If I might be able to put in another suggestion. I teach security at a college and one of the things I use to help bring home the importance of investigating vulnerabilities and such is the use of "wargames". This is achieved by students building systems and then attacking each other (they get an "F" if they attempt to attack anything outside the school plus a visit to the Dean).

That said, why not build your own "abuse" computer/network and play with that (if you're intent on "cracking"). There are huge debates on whether people should solely look at security and not go near the "dark side". I don't advocate that for one simple reason: if you don't know what the attack looks like and how it will affect your system, it is likely, IMHO, that you will have more "false positives" than are necessary.

In addition, I think that one learns a lot more from mistakes made in an environment like that. Now, note that I'm not advocating that one attack networks at whim (there is one author that suggests this and personally, I think he's off his rocker).

If you're looking for reading material some of the ones that I've found good besides those mentioned thus far:

O'Reilly's Practical Unix & Internet Security, 3rd Edition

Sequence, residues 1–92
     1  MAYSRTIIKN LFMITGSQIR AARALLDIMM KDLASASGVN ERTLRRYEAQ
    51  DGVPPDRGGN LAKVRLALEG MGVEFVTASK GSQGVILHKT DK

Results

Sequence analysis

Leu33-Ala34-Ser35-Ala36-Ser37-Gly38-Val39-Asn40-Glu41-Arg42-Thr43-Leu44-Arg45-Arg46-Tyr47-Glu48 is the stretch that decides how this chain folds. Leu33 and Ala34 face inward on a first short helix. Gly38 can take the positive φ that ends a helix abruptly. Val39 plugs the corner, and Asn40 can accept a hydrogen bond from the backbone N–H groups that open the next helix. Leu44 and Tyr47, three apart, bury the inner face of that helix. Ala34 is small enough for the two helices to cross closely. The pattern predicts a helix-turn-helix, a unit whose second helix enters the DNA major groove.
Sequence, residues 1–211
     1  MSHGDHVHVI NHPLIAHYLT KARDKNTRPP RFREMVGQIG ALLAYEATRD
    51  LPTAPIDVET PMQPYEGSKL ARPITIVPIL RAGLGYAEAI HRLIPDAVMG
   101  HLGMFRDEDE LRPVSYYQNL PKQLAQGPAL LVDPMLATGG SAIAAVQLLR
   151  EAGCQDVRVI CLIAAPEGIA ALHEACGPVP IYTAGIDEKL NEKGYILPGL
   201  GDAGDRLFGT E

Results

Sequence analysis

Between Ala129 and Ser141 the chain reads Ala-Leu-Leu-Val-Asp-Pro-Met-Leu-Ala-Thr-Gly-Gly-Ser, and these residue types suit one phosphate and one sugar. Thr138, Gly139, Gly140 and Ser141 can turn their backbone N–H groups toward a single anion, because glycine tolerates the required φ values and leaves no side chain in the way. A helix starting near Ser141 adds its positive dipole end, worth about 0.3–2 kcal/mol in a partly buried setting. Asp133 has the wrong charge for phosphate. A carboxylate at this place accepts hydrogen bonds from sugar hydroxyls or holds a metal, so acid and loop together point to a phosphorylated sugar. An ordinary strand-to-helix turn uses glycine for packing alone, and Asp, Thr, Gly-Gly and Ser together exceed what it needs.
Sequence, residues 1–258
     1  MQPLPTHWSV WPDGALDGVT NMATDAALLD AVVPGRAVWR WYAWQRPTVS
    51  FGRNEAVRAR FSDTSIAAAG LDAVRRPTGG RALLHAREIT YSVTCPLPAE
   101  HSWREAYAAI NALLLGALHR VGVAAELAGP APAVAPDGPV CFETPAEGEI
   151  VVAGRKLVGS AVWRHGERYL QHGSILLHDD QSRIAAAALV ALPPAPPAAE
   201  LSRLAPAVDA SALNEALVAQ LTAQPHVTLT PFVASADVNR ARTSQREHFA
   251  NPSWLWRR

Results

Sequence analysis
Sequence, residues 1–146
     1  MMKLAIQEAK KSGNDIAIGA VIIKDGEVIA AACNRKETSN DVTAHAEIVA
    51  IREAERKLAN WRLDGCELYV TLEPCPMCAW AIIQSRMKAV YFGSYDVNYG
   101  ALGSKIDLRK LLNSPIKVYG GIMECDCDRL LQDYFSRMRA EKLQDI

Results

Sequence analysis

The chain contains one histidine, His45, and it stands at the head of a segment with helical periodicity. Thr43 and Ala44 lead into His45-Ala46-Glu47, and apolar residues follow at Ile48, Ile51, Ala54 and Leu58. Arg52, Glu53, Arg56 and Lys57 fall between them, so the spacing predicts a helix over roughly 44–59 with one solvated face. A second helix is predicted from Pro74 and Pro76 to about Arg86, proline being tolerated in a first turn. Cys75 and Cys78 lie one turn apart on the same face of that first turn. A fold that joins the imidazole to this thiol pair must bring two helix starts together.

Linux System Security
Intrusion Detection: A System Administrator's Guide (EXCELLENT BOOK!)
Hacking Exposed 4th Edition (not bad but could be better)
Building Secure Servers with Linux

And of course, know your network protocols inside, out (helps for the networking portion).

I hope that helps. If you want more info just let me know. :)

MsMittens 10-19-2003 11:14 AM

D'oh. Dup post. Sent note to mod to delete the extra one. :D

banderson 10-19-2003 04:18 PM

"i just wnat to be able to find holes in my system so i can fix them and apply this info to my work."

There are a couple of tools you can use to see where you system is open and what possible vulnerabilities you are open to. Check out nmap and nessus.

chort 10-19-2003 06:43 PM

But banderson, nmap and nessus are just tools. Running them doesn't gain you any know-how it just spits out a bunch of information. I'm saying that you need to understand the basics of how these tools are written and what they do before you run around using them. An admin who just picks up a bunch of tools and runs them is no different from a script kiddie that picks up 'sploits and runs them. In both cases the user doesn't really understand what they're doing.